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Dutch Frogday, 24th October 2004

A

alan

Guest
A group of four from the BDG attended the Dutch frogday at Rozenburg near Rotterdam on 24th October 2004 – Mick Bajcar, Nick Capara, Matt Rendle and I. By carpooling and Mick's strenuous efforts on the internet with ferry companies and hotel chains, costs for the trip were kept down to a very reasonable level. After a stormy trip down to Dover, a missed ferry, a rather lumpy channel crossing and a longish drive up to Breda, we arrived too late and too tired for any beer.

After a nights sleep and a good Eurobreakfast we were refreshed and eager to get to the event. Pausing only to assess the vivarium potential of the unidentified plants used as table decorations (and liberate a cutting), we made the short drive to Rozenburg. Here, navigation proved to be a bit tricky, and we needed the help of a friendly local to find the venue for frogday, which had been cunningly hidden at the end of a narrow road eerily resembling Mainstreet, Disneyland. Before the doors opened, Matt and Nick concentrated on getting thrown out of the hall as many times as possible while Mick and I socialized. By kick-off, a box full of frogs and a bucket of tadpoles had already been obtained.

Possibly because frogday had not been held on a Sunday for some years, the crowds were not as great as at some previous events, but sharp elbows, a keen eye and a steady nerve were still required to survive the initial rush. Prices were as amazing as ever, e.g:

D. azureus €40-50
D. leucomelas €20-30
P. bicolour €20-30
E. tricolor €10-15
and purpose-built vivaria for €30 and up.

After securing the frogs we wanted, we raided the plant stalls (assorted bromeliads €2-20). Then it was time for just a few more frogs before trying to figure out how to cram the whole lot into the car and set off for home. This being Sunday, Belgium was shut, so Mick kept his foot clamped to the floor until we reached Calais. With time to spare, we braved the Eastenders warehouse near the ferry port and secured enough cases of ridiculously cheap wine to fill up the remaining space in the car.

The return crossing was a lot smoother, although the weather was foul all the way back to Watford. Here we stopped briefly at Nick's house for tea and to admire his bijou frog loft. Mick and I carried on north, only to be halted by roadworks on the M1. Bathed in the warm glow of the fuel warning light, we eventually reached Leicester past midnight, where supplies of diesel and tea were obtained, and frogs safely stowed away in vivaria. Mick carried on towards Nottinghamshire, arriving home in the early hours of Monday morning, Not a drop of beer passed our lips on the entire trip, but in spite of that there can be only one question – when's the next frogday?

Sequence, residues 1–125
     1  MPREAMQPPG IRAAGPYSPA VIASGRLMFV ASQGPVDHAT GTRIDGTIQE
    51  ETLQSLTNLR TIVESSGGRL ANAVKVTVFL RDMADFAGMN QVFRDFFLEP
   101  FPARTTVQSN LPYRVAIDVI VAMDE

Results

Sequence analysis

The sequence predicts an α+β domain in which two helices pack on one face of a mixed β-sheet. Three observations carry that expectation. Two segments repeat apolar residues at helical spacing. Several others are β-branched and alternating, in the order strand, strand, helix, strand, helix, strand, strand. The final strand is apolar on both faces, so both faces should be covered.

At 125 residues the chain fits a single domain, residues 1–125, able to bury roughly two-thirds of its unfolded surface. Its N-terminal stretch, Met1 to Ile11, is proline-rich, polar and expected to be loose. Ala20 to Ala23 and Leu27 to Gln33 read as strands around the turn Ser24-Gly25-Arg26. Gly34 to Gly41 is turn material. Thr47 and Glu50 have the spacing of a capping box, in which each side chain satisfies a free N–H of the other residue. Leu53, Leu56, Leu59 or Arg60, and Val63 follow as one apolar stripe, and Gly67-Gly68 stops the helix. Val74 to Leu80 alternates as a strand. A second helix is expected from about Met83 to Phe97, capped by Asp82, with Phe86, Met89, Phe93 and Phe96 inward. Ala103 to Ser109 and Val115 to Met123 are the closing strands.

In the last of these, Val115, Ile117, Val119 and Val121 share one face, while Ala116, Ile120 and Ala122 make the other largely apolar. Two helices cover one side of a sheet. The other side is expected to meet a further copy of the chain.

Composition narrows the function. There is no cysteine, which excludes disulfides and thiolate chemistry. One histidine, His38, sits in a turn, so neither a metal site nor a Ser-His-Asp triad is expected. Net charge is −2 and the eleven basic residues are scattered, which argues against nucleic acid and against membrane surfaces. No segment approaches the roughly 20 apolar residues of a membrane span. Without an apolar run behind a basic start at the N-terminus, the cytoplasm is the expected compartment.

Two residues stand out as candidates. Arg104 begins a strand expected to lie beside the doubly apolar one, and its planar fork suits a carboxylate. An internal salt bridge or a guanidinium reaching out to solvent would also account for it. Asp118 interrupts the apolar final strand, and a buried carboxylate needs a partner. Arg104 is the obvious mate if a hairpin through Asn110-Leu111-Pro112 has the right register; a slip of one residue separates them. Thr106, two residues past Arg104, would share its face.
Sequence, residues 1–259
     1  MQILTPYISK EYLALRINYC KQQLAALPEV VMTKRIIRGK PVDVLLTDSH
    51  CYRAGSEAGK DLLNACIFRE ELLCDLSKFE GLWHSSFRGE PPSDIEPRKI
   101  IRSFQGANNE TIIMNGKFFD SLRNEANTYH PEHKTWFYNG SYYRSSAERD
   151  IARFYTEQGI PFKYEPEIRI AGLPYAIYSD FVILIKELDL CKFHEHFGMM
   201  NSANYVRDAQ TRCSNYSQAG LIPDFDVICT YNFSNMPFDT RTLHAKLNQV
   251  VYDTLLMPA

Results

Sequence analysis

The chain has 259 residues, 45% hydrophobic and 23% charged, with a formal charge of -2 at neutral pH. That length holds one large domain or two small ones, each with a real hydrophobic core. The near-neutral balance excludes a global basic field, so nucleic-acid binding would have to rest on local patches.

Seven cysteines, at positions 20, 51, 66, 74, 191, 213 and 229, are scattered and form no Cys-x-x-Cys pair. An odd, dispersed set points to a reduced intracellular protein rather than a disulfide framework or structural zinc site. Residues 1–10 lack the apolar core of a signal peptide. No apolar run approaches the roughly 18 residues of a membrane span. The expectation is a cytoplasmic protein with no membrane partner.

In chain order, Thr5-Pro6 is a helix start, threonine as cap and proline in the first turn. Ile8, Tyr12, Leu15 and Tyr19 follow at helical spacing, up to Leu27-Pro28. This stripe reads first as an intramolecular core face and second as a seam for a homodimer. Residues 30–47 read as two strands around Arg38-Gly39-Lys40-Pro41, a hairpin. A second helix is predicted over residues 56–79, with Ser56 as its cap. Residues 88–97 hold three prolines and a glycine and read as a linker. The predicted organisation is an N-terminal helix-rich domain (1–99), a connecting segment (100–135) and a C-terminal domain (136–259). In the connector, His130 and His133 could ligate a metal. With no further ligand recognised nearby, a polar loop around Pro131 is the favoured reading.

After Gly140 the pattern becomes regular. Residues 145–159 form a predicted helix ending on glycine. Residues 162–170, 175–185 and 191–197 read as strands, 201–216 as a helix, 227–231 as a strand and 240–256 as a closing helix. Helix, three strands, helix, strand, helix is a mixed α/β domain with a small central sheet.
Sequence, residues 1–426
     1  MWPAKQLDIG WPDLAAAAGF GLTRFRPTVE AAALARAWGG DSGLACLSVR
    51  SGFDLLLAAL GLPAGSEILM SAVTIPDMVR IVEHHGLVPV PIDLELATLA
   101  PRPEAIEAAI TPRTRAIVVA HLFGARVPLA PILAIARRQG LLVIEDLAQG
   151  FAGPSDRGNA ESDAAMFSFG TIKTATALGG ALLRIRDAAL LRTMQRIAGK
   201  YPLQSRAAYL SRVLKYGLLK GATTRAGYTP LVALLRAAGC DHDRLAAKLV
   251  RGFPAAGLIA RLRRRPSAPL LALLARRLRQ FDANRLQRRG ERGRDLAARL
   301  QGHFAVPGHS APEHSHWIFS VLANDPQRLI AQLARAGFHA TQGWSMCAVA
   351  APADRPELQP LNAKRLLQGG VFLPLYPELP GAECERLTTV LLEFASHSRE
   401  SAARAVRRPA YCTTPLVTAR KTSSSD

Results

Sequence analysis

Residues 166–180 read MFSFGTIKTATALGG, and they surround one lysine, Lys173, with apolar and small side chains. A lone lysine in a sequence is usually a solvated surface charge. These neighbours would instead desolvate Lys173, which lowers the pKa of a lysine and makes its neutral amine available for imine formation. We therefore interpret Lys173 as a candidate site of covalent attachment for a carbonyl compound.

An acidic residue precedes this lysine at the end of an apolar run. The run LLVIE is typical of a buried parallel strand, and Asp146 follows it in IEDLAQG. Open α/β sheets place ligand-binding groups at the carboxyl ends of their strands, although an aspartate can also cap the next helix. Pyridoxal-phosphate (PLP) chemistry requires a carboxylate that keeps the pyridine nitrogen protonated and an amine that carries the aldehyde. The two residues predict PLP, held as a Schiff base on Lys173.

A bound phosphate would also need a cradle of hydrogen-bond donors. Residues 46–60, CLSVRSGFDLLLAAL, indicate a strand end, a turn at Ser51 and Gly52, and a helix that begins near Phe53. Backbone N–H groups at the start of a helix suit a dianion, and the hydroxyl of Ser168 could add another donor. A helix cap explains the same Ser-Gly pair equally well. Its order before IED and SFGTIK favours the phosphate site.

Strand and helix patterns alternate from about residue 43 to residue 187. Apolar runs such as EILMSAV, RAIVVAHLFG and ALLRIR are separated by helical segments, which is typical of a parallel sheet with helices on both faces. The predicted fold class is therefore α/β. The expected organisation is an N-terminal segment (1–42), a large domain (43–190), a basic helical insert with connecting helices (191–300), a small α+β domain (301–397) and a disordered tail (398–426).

A

alan

Guest
Some of the spoils:

25608.jpg
 
A

ajfr0ggy

Guest
That sounded a fun but hectic trip.

What other frogs were avaliable? Any pics of the actual show?

AJfr0ggy
 
A

alan

Guest
Sorry, no pics of the show - it's too hectic
wink.gif


There were probably about 20 species of Dendrobatid present, and of course many different variations. No Mantellas at this show (disappointingly). A few treefrogs and oddities, several species of Phelsuma. Lots of feeder cultures, vast quantities of plants and sundries, all the way up to exquisite fully-furnished dartfrog vivaria. All the prices at a fraction of what you'd pay in the UK.
 
A

ajfr0ggy

Guest
Were any of the oddities any true toads or reed frogs?
I would love to go to a show like that, all though i would prefer it to have all sorts of frogs, not just dendobatis.
What else did you get?

AJfr0ggy
 
A

alan

Guest
Frogdays are run by Dendrobatidae Nederland, so they're pretty hardcore dartfrog.
In addition to the azureus, I also bought P. bicolor:

25681.jpg


and acquired some unidentified Epipedobates tadpoles.
 
W

william

Guest
I hate bring up old posts but just wanted to compliment you on some nice pics and to ask what kind of plant that was in the second pic? Thanks.
 
A

alan

Guest
Compliments always welcome, no matter how old :)
It's a jewel orchid, Ludisia discolor.
 
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